A radiant glow is always top of the agenda for summer, but there can be a fine line between looking sun-kissed and being sun-singed. A lot depends on the protection we use, but it seems many of us are baffled by the different factors and when to use them. Throw some stars, acronyms and a few enduring myths into the mix (no, a ‘base tan’ will not protect you against sunburn) and it’s no wonder we’re often left feeling confused.
The fact of the matter is, while basking in the sun offers a host of health benefits (studies have shown that natural sunlight can boost serotonin levels, lower blood pressure and strengthen bones), there is no such thing as a truly ‘safe’ tan, which makes using a product with an appropriate SPF non-negotiable. ‘The safest way to get a tan is slowly and through a sunscreen. You’ll still have some sun damage – that’s what a tan is – but you’ll have less burn,’ says consultant dermatologist Dr Nick Lowe. Put simply? Being clued-up on sun protection will ensure you and your skin have a happier, healthier summer.
Make no bones about it, both UVA and UVB rays do harm to the skin but the effects they have are a little different so it’s important that you’re protected against both (hence ‘broad-spectrum’ sunscreen). An easy way to distinguish between the two is to think of UVA as the ‘ageing’ rays and UVB as the ‘burning’ ones. ’UVA are the deepest-penetrating and most ageing ultra violet rays,’ says Dr Lowe. UVB rays aren’t able to penetrate the skin as deeply thanks to their shorter wavelengths, but they causes more damage to the surface and are the cause of most skin cancers.
The sun protection factor (SPF) is the measure of how long a sunscreen will protect you from UVB (and only UVB) rays compared to if you weren’t wearing any. A sunscreen with an SPF of 30, however, is not twice as effective as one with an SPF of 15. In fact, SPF15 filters about 93% of UVB rays, SPF30 filters 97% and SPF50 filters 98%. Layering all of these factors on top of each other will also never give you 100% coverage – only sitting indoors away from any windows wearing a wide brim hat might manage that.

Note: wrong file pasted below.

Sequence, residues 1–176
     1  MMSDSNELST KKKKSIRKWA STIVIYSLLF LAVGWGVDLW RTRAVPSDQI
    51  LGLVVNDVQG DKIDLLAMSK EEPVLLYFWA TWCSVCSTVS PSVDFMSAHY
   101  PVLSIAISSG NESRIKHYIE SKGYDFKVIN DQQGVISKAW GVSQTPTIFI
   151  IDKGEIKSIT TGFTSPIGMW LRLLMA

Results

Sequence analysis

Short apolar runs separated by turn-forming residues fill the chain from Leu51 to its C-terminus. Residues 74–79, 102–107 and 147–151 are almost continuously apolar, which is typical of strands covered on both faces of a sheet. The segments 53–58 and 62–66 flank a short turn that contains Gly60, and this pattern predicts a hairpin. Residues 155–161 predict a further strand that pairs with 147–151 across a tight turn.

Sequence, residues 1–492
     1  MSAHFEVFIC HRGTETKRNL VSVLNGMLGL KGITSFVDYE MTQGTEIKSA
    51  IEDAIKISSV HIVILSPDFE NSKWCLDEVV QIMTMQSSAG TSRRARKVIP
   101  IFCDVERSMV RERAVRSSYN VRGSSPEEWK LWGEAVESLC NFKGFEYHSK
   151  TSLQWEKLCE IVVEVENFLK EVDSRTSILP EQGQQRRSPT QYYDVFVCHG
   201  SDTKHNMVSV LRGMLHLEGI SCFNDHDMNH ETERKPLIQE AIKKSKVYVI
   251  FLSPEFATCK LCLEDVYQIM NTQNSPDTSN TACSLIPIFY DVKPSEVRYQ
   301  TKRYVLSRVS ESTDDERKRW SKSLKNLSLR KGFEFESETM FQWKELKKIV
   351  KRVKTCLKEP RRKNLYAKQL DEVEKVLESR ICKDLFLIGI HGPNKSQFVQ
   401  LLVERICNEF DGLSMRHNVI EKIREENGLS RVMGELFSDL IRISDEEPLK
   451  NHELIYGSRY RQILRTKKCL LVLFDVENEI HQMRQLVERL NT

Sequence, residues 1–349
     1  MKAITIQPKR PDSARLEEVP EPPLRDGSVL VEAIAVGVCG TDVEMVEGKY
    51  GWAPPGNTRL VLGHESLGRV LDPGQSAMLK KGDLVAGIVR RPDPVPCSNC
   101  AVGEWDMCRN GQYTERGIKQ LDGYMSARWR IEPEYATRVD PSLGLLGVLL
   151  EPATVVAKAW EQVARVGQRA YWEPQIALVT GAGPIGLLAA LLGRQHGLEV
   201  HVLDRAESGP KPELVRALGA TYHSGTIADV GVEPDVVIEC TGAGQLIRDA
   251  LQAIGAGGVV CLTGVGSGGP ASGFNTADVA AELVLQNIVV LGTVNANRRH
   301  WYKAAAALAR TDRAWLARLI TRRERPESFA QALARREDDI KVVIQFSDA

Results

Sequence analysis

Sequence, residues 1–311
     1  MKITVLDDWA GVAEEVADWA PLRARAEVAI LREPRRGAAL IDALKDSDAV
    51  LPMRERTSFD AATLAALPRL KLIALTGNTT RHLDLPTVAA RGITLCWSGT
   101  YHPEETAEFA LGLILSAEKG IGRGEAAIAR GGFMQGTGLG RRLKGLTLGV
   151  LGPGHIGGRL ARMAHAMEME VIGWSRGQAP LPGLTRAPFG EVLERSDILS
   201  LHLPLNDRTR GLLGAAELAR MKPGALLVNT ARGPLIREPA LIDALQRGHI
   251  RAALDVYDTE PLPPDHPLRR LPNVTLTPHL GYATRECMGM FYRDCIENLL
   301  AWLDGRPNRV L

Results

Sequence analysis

All skintones burn and all need a broad-spectrum, high-SPF sunscreen. If your skin is changing colour it’s being harmed – rates of melanoma among those with dark skintones are just as high as those among people with lighter skintones.
The main difference between so-called physical and chemical sunscreens is that physical sunscreens (or UV reflectors) block the sun’s rays on the surface of the skin while chemical sunscreens (or UV absorbers) absorb into the skin where they convert the sun’s rays into heat. However, Dr Lowe warns against getting too bogged down in the word ‘chemical’. ‘There’s a lot of hocus pocus about chemical vs physical sunscreens as all sunscreens are made up of chemicals,’ he says. ‘Even so-called “chemical-free” or physical sunscreens are made up of titanium dioxides and zinc oxides which are, of course, chemicals.’
In general, chemical sunscreens tend to be better for a tan while sensitive skin and rosacea sufferers often benefit from physical sunscreens as they deflect heat from the sun’s energy away from the skin.
Ideal coverage is 2 milligrams of sunscreen per square centimetre of skin (that’s at least two tablespoons worth to cover the exposed areas of the face and body) which should be applied at least 15 minutes before sun exposure and preferably before you head outdoors. Look out for easy-to-miss bits such as around shoulder straps, backs of the legs, tips of the ears, the nose, the lips and your hair parting.
Tailor your SPF to your location. Did you know, for example, that UV rays are more potent in sand and stronger in sea foam? It also pays to employ a little pre- and post-tan troubleshooting: try limiting exposure to the sun between 11am and 4pm, and adding in some antioxidant insurance in the form of a vitamin C serum which can be layered under your SPF to help neutralise damaging UV rays. And the most important sunscreen rule? Reapply, reapply, reapply! Every two hours and immediately after swimming.